Everyone has taken drastic steps to contain COVID-19, including staying at home to prevent others from being infected. As we limit human contact, we have assumed that our pets can’t be infected by or pass on COVID-19, but this may not be true. To answer this question, researchers from the Harbin Veterinary Research Institute of the Chinese Academy of Agricultural Sciences wanted to see if certain types of animals were more likely to become infected and how the virus reacts inside of them. The coronavirus was isolated from the Huanan Seafood Market in Wuhan and used to infect samples of cats, dogs, and ferrets.
To study how the virus spreads throughout the body, one group of ferrets were given high doses of the novel coronavirus through the nose.The animals were euthanized on the fourth experiment day. The body parts collected were the nose, tonsils, heart, spleen, kidney, pancreas, small intestine, and the brain. Since the virus transmits through the air, they also collected the tube where air passes in and out of the lungs. They performed a laboratory test to find viral RNA—the genetic material in viruses that allows them to multiply and infect other surrounding cells. The study found traces of the viral RNA in the upper respiratory tract such as the ferret’s tonsils and different sections of the nose.
Researchers found no evidence of the virus in other body areas collected in the study, but this may have been because they did not give the virus enough time to spread to other areas. To study this, another group of ferrets followed a similar procedure but were sacrificed after eight or fourteen days. The researchers found viral RNA in the same areas on day eight but not after fourteen days. No ferrets exhibited COVID-19 symptoms. These results suggest ferrets are carriers of the virus for approximately eight days.
Seven cats were exposed to the novel coronavirus, isolated in separate cages, and the virus was monitored through feces collection. Animals were euthanized on either day 3 or 6 and viral RNA was found in the same areas as ferrets in addition to the lungs and small intestines. Interestingly, viral RNA was not found in the lungs if the animal was sacrificed after day 6. To see if the virus can be transmitted through the air to cats, an uninfected cat was placed in a cage next to three other cats who were confirmed carriers of the coronavirus.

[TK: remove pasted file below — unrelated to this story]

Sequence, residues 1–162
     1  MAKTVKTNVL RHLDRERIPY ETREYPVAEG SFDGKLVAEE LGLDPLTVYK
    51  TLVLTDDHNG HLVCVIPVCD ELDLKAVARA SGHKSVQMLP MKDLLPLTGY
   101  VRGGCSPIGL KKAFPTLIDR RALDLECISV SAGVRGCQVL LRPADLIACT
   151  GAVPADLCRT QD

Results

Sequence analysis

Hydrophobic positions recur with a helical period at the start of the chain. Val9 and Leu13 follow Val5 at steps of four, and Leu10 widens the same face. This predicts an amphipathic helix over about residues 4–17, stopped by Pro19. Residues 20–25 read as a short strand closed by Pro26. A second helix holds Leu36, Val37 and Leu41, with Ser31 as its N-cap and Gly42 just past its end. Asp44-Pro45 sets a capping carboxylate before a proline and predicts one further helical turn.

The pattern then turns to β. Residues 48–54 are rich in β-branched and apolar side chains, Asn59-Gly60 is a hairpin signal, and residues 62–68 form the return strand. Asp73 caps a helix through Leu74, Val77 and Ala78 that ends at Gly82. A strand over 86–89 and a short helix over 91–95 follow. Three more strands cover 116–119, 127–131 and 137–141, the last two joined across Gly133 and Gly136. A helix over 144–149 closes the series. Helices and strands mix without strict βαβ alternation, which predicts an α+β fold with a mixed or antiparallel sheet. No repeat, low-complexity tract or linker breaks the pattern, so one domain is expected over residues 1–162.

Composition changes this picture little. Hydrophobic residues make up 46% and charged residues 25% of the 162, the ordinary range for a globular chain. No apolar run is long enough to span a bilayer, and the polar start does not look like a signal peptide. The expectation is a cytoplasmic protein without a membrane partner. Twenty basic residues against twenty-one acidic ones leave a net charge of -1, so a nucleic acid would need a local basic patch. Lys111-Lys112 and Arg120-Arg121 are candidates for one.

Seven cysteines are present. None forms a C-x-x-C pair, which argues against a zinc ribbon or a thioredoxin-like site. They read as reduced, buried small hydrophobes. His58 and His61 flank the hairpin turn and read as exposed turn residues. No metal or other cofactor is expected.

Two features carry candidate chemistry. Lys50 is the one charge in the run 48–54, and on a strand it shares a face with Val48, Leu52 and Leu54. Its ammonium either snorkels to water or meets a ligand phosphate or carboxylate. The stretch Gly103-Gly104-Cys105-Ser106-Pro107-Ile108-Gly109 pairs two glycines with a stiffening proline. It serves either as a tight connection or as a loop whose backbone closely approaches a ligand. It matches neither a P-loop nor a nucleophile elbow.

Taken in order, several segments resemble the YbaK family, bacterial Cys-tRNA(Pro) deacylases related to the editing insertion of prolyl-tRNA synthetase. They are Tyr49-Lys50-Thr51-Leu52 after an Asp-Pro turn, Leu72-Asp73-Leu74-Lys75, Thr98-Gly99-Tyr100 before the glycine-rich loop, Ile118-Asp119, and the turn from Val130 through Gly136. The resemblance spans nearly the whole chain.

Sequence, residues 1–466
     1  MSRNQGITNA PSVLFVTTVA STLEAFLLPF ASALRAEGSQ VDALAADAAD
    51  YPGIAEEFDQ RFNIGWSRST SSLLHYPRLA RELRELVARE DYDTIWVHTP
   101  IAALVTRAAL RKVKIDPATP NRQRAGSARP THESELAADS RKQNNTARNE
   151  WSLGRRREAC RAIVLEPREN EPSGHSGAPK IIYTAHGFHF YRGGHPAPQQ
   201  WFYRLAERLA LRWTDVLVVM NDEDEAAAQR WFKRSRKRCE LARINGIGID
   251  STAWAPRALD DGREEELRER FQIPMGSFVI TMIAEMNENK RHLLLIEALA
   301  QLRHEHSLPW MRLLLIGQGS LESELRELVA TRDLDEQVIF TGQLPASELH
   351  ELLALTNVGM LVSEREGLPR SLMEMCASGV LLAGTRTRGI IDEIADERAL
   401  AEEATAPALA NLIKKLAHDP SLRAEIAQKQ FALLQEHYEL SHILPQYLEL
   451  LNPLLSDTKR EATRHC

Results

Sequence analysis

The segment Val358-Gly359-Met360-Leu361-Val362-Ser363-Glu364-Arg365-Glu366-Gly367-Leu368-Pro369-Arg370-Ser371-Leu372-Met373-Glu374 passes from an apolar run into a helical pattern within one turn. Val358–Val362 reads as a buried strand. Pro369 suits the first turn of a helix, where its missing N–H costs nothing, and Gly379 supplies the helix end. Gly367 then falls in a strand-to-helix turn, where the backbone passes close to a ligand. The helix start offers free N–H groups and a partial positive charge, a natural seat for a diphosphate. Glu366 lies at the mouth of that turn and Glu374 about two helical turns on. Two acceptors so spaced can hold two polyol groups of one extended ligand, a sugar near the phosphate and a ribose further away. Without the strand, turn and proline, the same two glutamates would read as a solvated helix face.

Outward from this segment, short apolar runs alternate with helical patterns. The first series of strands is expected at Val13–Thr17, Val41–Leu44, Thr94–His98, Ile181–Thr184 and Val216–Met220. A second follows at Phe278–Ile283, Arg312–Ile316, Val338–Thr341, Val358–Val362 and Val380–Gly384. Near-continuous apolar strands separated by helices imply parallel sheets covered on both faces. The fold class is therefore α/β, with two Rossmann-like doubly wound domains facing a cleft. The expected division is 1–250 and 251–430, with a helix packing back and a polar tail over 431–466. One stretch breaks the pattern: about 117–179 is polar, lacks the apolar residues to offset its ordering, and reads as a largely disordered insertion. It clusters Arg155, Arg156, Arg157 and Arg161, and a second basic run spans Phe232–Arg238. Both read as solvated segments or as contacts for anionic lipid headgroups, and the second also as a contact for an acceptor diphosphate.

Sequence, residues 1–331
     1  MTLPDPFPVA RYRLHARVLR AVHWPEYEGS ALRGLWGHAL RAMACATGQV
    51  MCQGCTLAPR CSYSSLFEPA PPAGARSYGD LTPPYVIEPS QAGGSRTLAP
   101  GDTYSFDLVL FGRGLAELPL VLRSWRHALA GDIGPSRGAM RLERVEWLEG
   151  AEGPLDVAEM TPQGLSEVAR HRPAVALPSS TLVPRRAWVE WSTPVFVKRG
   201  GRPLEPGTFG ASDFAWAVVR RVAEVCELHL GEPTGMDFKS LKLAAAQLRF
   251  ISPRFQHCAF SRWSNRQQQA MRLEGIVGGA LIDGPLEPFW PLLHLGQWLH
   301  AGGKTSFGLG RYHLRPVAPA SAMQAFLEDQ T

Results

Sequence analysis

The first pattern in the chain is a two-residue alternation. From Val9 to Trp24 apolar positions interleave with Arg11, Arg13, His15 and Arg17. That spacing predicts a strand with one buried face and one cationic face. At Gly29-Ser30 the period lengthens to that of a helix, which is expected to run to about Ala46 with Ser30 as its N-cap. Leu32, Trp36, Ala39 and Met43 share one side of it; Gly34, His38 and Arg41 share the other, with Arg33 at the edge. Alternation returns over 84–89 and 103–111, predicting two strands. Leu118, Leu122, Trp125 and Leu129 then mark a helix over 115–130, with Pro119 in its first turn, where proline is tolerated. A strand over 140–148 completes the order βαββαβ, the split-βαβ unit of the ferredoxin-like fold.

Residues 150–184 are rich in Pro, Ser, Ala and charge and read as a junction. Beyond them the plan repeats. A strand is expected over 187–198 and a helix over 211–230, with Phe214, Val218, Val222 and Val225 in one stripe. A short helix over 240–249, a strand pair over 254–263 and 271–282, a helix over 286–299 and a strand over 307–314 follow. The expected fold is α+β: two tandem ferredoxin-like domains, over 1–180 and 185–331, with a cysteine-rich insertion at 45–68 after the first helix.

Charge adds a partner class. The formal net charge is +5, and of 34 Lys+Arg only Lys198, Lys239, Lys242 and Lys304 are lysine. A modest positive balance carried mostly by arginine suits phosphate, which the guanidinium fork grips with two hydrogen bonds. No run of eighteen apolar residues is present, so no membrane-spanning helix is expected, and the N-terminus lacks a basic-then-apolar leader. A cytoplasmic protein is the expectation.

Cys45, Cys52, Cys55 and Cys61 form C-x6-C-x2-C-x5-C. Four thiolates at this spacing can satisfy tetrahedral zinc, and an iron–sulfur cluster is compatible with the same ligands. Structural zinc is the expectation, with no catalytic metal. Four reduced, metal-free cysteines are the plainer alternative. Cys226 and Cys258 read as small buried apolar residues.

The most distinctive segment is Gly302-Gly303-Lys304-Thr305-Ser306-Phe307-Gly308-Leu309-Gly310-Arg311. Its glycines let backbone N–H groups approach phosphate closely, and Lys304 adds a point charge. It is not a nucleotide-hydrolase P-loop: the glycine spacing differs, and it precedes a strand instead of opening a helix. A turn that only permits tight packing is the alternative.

Feces results showed all cats—including the cat who never received the coronavirus—tested positive for COVID-19. The exposed cat also showed signs of the virus in the same body parts as cats nasally injected with the virus. To make sure of the results, the scientists repeated their experiment with kittens. Kittens who initially received the virus through the nose showed an even greater presence of the virus in their nose, airway passages, and lungs compared with the older felines. The researchers suggest that cats, especially younger cats, are at risk of getting the virus and receiving it through respiratory droplets found in the air.
The researchers then repeated the previous experiment with dogs. While dogs were positive for the virus through feces collection, the researchers found that the virus had not spread to any organs or tissues. In addition, two dogs who were never exposed to the virus never got sick or tested positive, even when they were nearby other infected dogs. The researchers concluded that dogs have a low and unlikely risk of getting and spreading the virus to other animals.
The researchers were able to show that cats and ferrets were at a higher risk of becoming sick from COVID-19 compared to dogs. These new findings bring some insight into how the virus spreads in and out of the body. Ferrets, who showed similar patterns of COVID-19 infection as humans, may be a suitable animal model to test how the coronavirus responds to experimental drugs and vaccines. By observing the reactions in ferrets, scientists may be able to develop an effective and safe treatment in the future.